Founded in Bangkok in 1982, Yok Yor in Sydney taps into the precision and fine art of making Thai food. Traditional practices of food preparation are at the heart of this establishment, which is evident with every bite. Their Pad Thai and Som Tum Pu Pla Ra are some of our go tos. Located on the corner of Castlereagh St, Yok Yor is the perfect casual Thai restaurant near you.
We Thai Cuisine
Expect all Thailand's flavour, colour, and excitement when dining at We Thai Cuisine on Morrison Road in Putney. This traditional restaurant allows you to enjoy your meal at your own pace in the casual and inviting surrounds of a cheery yellow feature wall adorned with artwork, polished wood floors and glowing cane pendents overhead.
Whether you are in the mood for something spicy, sweet or savoury, an authentic menu dishes up temptations to suit all tastebuds, from signature Pad Thai to roast duck curry; perhaps start with deep-fried prawns in coconut crumb, served with plum sauce. Then, for the main, delve into the likes of salmon with chu chee curry, coconut milk, fresh red chilli and lime leaves; or a tender char-grilled rack of lamb marinated with Thai herbs and Chef’s special sauce.
The Thai and I
Striking a balance between elegance and simplicity, head to The Thai and I on The Strand in Dee Why for exceptional and often unusual Asian fare with flair. Ideally positioned with views of Dee Why Beach and beyond, soak up the sun alfresco at wicker tables as salty sea breezes ruffle leaves; indoors is light, bright and airy with one wall dominated by one an impressive mural of a rooster.
Embark on a flavoursome journey with entrées of prawn and minced pork money bags or salt and pepper soft-shell crab with sweet chilli sauce; before tantalising mains like deep-fried whole baby barramundi, Panang curry paste, coconut cream, chilli, basil and lime leaves. Perhaps slow-cooked lamb cutlets, potatoes, and Massaman curry entice; or twice-cooked crispy pork belly, broccoli and oyster sauce.
Having worked behind the scenes in some of Sydney’s best Asian dining spots – namely Ms G’s, Spice I Am and Mr Wong – Bangkok-born chef Pla Rojratanavichai requires no introduction for his first Thai venture Khao Pla (meaning rice and fish). This black and white-themed kitchen, though cosy in size, is invigorated by a vibrant collage of Thailand’s street culture on the wall.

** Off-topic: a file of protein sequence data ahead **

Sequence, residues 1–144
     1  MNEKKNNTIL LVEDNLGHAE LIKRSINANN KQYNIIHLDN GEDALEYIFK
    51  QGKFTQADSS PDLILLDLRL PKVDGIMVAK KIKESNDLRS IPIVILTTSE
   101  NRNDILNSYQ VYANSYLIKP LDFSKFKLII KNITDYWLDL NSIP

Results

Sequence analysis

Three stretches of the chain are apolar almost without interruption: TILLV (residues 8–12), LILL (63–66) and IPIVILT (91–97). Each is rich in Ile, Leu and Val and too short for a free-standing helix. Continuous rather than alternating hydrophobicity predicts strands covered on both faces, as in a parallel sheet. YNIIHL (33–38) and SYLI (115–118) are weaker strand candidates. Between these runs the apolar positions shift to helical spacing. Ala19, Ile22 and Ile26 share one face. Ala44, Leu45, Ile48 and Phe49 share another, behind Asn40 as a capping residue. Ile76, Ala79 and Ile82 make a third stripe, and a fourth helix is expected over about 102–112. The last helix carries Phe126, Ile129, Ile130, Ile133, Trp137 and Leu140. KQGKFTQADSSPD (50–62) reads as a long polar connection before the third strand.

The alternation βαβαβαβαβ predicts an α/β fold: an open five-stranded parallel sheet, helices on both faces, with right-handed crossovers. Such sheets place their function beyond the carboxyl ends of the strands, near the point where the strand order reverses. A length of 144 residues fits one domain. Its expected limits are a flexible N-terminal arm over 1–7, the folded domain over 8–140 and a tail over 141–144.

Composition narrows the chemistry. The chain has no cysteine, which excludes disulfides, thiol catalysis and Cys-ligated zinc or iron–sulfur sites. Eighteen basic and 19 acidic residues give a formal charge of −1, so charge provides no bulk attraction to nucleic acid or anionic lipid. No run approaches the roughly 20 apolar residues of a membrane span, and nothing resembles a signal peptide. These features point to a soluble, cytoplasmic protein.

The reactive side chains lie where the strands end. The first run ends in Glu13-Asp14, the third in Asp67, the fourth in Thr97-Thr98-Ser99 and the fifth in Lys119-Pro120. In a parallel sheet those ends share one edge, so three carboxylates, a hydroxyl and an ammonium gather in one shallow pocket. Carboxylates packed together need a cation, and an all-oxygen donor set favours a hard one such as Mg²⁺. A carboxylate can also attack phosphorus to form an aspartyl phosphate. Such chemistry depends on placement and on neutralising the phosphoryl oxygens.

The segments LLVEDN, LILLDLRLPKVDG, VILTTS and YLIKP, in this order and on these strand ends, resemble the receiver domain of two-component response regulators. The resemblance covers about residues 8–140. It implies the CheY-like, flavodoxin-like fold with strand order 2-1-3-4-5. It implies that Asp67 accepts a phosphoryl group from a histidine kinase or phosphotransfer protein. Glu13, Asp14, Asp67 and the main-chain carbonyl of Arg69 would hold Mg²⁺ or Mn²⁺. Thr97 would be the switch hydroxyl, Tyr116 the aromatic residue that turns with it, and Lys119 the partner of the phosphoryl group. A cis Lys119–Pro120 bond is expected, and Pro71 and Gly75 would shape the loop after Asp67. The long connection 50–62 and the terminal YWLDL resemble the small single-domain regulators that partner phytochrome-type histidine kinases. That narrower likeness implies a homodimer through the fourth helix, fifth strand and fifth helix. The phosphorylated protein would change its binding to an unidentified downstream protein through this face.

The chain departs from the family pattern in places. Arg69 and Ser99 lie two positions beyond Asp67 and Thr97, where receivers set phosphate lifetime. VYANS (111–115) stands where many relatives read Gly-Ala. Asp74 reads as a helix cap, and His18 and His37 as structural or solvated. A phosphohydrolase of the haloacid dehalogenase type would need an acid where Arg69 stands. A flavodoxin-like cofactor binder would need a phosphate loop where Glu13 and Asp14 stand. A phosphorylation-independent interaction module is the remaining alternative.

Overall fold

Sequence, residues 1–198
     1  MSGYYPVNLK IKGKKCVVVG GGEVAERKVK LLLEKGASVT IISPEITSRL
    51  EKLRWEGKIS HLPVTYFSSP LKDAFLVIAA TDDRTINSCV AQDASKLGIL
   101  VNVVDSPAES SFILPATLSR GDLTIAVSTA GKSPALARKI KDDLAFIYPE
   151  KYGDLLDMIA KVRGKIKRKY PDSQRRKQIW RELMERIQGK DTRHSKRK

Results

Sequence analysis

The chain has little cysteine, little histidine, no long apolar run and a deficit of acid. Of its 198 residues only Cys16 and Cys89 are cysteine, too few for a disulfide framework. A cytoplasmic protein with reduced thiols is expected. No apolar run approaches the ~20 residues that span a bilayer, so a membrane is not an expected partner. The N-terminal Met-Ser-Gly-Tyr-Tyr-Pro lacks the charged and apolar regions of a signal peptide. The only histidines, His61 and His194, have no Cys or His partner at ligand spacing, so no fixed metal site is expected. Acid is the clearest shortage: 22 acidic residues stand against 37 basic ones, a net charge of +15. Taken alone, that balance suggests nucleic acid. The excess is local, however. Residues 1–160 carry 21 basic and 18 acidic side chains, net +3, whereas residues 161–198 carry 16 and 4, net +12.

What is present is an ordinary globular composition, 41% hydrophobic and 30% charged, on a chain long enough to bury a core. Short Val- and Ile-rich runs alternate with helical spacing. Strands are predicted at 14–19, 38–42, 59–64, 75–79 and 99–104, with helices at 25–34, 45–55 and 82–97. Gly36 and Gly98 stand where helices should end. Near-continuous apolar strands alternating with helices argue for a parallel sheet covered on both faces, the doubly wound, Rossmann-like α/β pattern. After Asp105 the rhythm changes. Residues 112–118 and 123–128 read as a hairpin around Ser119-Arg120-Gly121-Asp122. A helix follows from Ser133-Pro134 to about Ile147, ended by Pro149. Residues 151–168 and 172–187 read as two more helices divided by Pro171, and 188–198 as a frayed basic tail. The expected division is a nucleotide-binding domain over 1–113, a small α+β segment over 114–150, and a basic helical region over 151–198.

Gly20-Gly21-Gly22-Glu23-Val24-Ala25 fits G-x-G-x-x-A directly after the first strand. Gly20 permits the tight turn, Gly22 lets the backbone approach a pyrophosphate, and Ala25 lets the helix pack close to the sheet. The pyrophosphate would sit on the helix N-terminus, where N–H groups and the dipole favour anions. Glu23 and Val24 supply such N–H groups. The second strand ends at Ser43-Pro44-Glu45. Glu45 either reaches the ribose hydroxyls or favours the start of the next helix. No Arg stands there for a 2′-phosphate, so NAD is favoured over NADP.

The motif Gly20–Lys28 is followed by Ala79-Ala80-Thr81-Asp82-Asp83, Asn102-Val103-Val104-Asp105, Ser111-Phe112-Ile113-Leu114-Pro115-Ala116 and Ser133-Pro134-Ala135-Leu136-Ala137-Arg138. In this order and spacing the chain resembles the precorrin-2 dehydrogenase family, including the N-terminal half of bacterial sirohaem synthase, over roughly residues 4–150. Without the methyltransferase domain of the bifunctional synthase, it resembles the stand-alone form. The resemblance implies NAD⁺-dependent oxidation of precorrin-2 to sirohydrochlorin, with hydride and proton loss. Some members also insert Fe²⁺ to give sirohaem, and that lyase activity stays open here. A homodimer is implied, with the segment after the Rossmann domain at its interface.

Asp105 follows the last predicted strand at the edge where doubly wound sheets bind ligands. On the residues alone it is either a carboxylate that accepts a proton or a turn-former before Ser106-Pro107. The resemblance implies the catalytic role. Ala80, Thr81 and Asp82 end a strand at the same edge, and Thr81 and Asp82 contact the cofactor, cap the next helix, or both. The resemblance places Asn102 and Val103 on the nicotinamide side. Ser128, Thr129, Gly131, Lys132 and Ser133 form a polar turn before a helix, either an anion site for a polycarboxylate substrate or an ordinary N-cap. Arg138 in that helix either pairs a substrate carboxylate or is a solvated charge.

With 90s hip-hop artists like Notorious B.I.G. and Nas playing in the background, the signature here is the twice-cooked tamarind pork ribs with palm sugar – get ready for sticky fingers. The eclectic raw section is a standout, with delicate sea scallop sashimi with lemongrass and kaffir lime leaf (Pra hoy dib), while other sections of the menu feature wok-fried pippies with chilli jam and Thai basil (Pad hoy Lai) and crisp soft shell crab with tom yum spice salt. Thai classics also appear. Think slow-cooked, sweetly fragrant massamun beef curry, spiced with cinnamon and star anise, complemented by a side of soft roti.
Desserts are promising, with black sticky rice with a dish of jasmine tapioca, dark sugarcane sauce and Thai milk tea ice cream a clear winner.
While there are plenty of Thai favourites on the menu at Caysorn, the true quality of the restaurant shines when it turns its focus onto the fragrant, seafood-heavy cuisine of Thailand's southern reaches. Co-owner Chalio has been cooking out of the Haymarket institution for almost 40 years, having cut his teeth in some of the most renowned restaurants in Bangkok.
Caysorn specialises in southern Thai cuisine – a part of the world known for its heat. Kanom jeen – a vermicelli-like noodle traditionally made with pounded fermented rice – is offered in several versions. But the house special is kanom jeen tai pla: noodles sauced with a dark, complex salted fish curry that seethes with chilli.
Moving to Australia in 1973, Caysorn's co-owners hoped to bring the punchy, spicier elements of southern Thai cuisine to the Australian palate.
Caysorn offers fresh and balanced flavours in its extensive menu, with favourites including the popular kanom jeen, a fermented rice noodle that’s typically served with a strong and potent curry which is offset by the inclusion of fresh vegetables and herbs, and the blended flathead and kaffir lime namh ya pah. The latter is a gentler curry than some of the restaurant's others but still packs the kind of tangy punch you're looking for.
Frequently Asked Questions About Thai Foods
Some of the popular Thai dishes include Thai curries, Som Tam Salad, Tom Yum Soup, Pad Thai noodles, Satay, among others.
Thai food is notorious for its fresh herbs and spices particularly lemongrass, mint, galangal, lime and chili. These ingredients give each dish layer upon layer of zingy freshness and intense aroma. Thai cuisine is quite healthy and largely based on vegetables, lean proteins, and fresh herbs and spices.
Green curry is considered the most popular curry in Thai cuisine. The green color of Thai green curry sauce has become more vibrant over the years with the addition of fresh coriander (cilantro), makrut lime leaf and peel, and basil.
While some may see these two different cuisines as interchangeable, they're completely different from one another with very little in common. Both Thai and Chinese foods make use of noodles and rice in their dishes, and that's where their similarities begin and end.
Pad Thai is a Thai noodle stir fry with a sweet-savoury-sour sauce scattered with crushed peanuts. It's made with thin, flat rice noodles, and almost always has bean sprouts, garlic chives, scrambled egg, firm tofu and a protein – the most popular being chicken or prawns/shrimp.